Beasts seems to be the general word used to describe them. The size of the barge in particular is unprecedented. But there is a logic to it.
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“Because the sea can be quite rough, to be operational 85% of the time, the marine works would have to be of a certain size anyway so it made sense to maximise capacity and make the elements big,” says Guinchard.
“But then you have to be able to manoeuvre them [the elements] on land, so you reach some sort of compromise,” he explains. That compromise is to split every pier into two elements – am 10m tall base section with the 2.4m thick, 20m to 23m diameter precast concrete gravity base, plus a 10.8m tall pier section
Because they have to withstand swells and ship impacts – the biggest design load is a 3,000t ship impact applied 4.2m above sea level – the piers are hefty: the pier shafts are hollow and elliptic in plan, 10m long by 7.4m wide and 1.1m thick.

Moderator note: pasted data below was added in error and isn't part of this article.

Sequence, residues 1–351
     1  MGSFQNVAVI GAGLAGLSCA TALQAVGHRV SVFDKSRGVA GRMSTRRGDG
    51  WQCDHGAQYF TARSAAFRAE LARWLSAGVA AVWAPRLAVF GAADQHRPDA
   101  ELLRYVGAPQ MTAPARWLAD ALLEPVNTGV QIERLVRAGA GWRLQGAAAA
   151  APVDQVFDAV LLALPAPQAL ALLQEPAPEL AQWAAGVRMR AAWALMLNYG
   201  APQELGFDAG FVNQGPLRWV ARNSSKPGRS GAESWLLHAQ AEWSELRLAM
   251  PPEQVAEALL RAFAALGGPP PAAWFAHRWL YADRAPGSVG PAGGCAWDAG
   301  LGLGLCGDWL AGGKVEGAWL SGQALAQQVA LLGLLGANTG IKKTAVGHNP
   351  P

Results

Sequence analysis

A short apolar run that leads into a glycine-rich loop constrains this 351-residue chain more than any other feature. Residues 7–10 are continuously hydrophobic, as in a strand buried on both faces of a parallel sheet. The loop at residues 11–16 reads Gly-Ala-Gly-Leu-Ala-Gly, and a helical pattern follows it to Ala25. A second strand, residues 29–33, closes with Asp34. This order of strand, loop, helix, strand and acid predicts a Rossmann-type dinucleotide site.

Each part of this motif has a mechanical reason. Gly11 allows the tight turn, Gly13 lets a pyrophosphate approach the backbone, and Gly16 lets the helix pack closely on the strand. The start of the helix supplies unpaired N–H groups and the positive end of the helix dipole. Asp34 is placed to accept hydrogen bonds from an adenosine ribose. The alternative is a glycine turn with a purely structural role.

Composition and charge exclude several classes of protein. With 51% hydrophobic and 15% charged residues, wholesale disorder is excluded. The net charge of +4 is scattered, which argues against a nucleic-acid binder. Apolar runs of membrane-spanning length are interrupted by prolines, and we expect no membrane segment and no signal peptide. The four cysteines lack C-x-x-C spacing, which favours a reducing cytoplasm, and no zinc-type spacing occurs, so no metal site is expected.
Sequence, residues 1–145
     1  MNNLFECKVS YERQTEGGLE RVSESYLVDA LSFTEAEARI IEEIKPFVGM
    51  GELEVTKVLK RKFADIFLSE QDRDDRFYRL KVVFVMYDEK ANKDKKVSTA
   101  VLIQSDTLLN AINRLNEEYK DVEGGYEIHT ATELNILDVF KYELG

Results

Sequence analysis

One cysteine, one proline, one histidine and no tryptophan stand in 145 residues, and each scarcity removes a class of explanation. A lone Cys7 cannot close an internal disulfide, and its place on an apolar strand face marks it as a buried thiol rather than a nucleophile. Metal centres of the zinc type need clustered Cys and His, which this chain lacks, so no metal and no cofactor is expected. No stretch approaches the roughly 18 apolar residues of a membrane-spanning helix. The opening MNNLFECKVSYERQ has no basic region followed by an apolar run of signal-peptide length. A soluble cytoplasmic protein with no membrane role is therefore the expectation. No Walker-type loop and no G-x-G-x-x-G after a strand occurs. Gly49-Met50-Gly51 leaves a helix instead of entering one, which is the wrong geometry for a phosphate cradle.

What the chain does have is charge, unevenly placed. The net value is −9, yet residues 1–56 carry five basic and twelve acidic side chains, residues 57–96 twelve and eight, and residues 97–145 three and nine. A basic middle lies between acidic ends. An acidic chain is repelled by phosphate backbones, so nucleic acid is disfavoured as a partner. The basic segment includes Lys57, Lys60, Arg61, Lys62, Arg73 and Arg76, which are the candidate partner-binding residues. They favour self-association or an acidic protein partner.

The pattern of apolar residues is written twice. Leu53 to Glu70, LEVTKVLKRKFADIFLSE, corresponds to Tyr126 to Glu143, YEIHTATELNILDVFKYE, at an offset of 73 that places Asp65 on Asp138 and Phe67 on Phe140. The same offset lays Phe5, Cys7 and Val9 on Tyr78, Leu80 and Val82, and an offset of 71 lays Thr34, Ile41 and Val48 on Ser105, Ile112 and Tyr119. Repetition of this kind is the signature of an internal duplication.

Huge pier sections
The base sections weigh in at 3,700t to 4,660t and the upper sections a not immodest 2,000t. And so the barge to transport and install these sections was clearly going to be a hefty beast – and it is.
The eight-legged barge is called Zourite – the local Créole word for a small octopus, which is a local delicacy. And at 107m long, 49m wide and with a maximum payload of 4,790t is one of the largest ever built by Polish shipbuilder Crist. The crane that then does the manoeuvring was built by Enerpac and is claimed to be the world’s largest. All in all it cost the JV £84M – more than 10% of the contract value. “It is quite an investment – a gamble almost,” says Guinchard.